‘Kubo and the Two Strings’ Is Movie Magic at Its Finest (FILM REVIEW)

[rating=9.00]

There comes a time in every adult’s life where they realize the magic that once made up those wonderful stories, ideas, Christmas mornings, and even their imaginations, has been sucked away by the world around us. It’s not the world’s fault, necessarily. We taught it to be this way. That’s why when that magic creeps back in the form of spectacular fiction, we must acknowledge the achievement, and use it to teach the world of our old ways.

For Kubo and the Two Strings, the magic is not only real, but takes a hold of a world in which it’s almost commonplace. For some children, it may be quite frightening; there are scenes that Tim Burton would approve of, and Guillermo del Toro would applaud. The whole story of Kubo is subtly narrated by the protagonist himself. His life starts out quite precariously as we see his mother fleeing from something. It isn’t until her tiny boat is wrecked and her powers are displayed quite breathtakingly that we find out Kubo even exists. As she pulls him close to her on the beach under the pale moonlight, the dark blue of the night invades their space, and she silently makes a promise to herself that she’ll never put him in danger again, something we see in her demeanor and eyes.

Kubo quickly grows, and we learn of his love for his mother, her problems with depression and fear, and even Kubo’s magical tendencies. It’s all so wonderfully wrapped up in the storyline that none of it distracts from the humanity that the story is really about. A mother’s love, and fear for the safety of her child. A child’s unknown past, and need for his own story as he yearns to know more about his father, and what happened to have put him in this world that isn’t quite enough.

Now, I know what you’re thinking. “Isn’t this animated? Animated movies don’t have depth.” Shut up, I’m talking. Part of what makes Kubo so stunning is the legitimate scope of emotion and profundity that these characters are full of. Imagine Miyazaki, Daniel Day-Lewis, and Pixar all got together to animate a movie together. They decide Miyazaki will handle the story line, Day-Lewis will flesh out the emotions and character building, and Pixar will handle the gut punching like they did in Toy Story 3. Are you crying yet? Just thinking about it? Because Kubo achieves this flawlessly.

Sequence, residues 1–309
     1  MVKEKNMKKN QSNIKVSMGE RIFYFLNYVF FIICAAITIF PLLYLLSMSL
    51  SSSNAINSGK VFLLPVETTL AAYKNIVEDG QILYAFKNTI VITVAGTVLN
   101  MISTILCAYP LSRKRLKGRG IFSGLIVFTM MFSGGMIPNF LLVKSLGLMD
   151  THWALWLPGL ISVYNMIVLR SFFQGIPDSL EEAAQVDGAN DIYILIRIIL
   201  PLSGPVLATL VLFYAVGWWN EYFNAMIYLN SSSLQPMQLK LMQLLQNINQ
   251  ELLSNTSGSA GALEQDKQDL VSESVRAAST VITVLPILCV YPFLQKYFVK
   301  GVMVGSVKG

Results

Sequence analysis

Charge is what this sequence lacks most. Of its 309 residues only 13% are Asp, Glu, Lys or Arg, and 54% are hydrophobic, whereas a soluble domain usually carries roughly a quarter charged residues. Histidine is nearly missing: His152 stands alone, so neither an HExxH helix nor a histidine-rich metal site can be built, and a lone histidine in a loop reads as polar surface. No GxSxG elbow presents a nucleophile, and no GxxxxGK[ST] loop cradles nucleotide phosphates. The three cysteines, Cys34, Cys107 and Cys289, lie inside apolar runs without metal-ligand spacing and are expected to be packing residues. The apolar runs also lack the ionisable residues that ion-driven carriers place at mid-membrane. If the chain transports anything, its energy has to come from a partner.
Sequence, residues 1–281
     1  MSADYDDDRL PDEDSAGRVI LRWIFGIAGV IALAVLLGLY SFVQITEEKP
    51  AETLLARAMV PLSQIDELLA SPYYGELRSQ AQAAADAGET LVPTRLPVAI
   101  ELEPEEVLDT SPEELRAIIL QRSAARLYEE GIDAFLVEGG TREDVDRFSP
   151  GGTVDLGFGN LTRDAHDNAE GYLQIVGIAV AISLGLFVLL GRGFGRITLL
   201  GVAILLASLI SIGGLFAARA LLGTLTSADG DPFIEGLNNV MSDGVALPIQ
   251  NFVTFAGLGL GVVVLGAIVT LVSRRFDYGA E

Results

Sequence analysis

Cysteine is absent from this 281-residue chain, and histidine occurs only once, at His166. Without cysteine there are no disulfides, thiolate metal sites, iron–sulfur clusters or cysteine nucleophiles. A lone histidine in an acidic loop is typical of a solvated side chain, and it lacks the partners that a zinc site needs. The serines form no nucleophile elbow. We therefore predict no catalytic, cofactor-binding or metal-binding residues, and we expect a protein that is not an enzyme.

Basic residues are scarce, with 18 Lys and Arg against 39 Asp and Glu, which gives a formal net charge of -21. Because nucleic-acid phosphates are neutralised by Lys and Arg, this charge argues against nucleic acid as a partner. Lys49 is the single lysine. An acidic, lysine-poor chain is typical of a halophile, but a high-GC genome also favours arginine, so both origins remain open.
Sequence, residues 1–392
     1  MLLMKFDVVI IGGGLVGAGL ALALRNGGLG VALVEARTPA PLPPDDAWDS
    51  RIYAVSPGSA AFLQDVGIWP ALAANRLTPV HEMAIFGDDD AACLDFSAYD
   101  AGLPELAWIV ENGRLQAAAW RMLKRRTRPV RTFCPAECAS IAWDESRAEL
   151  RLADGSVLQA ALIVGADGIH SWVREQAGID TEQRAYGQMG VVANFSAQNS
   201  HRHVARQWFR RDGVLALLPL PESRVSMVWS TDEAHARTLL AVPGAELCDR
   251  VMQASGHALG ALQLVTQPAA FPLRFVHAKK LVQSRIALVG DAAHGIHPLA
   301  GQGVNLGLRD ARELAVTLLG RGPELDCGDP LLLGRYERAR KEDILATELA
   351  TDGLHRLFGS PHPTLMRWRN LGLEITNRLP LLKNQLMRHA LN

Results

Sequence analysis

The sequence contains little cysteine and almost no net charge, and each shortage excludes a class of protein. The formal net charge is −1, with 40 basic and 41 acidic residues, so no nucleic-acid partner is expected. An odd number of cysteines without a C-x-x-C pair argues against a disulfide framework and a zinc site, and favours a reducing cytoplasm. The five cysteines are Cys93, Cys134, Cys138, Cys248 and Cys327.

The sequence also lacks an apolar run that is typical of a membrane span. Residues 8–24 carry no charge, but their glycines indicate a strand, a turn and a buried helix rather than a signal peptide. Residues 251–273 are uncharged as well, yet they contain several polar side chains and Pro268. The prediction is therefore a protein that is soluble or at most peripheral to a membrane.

Without giving too much away, because it would be a tragedy for a viewer to walk into this and not get to experience the full depth of the movie on their own, know that for the most part it’s a pretty standard adventure story. Boy has problem, boy seeks solution, boy learns about himself and the world. It’s everything that happens in between that makes it so fun to experience. There’s magical creatures, talking animals, dancing origami, and then Kubo himself. He’s so full of light and wonder, and we get the privilege of watching his powers grow as he seeks the solution to his problem.

If I had to give one complaint, it would be that the 3D was too dark for what’s happening on screen. There’s nuanced details that we miss because of the 3D glasses, like the average yet sweeping backgrounds used in each scene, and the crease of an eye as it begins to tear up. During the first ten minutes, I skipped the glasses so I wouldn’t miss anything. As the movie goes on, the brightness grows, and it makes more sense.

If you have a child, if you are one yourself; if you need a little wonder in your life; if you need a good set of fiction to off shoot that crappy day; if you need a reminder that the world isn’t all garbage. Whatever your reason, go see Kubo and the Two Strings. You’ll thank yourself when your dreams are invaded with tiny dancing figures, and sense of magical wonder you might not have noticed you missed.

Kubo and the Two Strings is now playing in theaters everywhere.

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